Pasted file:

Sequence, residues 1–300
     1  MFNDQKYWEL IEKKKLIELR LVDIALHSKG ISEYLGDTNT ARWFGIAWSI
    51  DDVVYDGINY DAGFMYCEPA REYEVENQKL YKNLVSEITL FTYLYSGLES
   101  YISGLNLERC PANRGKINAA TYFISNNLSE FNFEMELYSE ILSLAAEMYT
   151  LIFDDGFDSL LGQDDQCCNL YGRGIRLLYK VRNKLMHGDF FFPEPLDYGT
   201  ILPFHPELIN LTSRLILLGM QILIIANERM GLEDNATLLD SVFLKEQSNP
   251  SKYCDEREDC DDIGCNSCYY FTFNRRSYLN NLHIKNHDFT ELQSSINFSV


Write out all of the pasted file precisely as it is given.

Sequence, residues 1–300
     1  MFNDQKYWEL IEKKKLIELR LVDIALHSKG ISEYLGDTNT ARWFGIAWSI
    51  DDVVYDGINY DAGFMYCEPA REYEVENQKL YKNLVSEITL FTYLYSGLES
   101  YISGLNLERC PANRGKINAA TYFISNNLSE FNFEMELYSE ILSLAAEMYT
   151  LIFDDGFDSL LGQDDQCCNL YGRGIRLLYK VRNKLMHGDF FFPEPLDYGT
   201  ILPFHPELIN LTSRLILLGM QILIIANERM GLEDNATLLD SVFLKEQSNP
   251  SKYCDEREDC DDIGCNSCYY FTFNRRSYLN NLHIKNHDFT ELQSSINFSV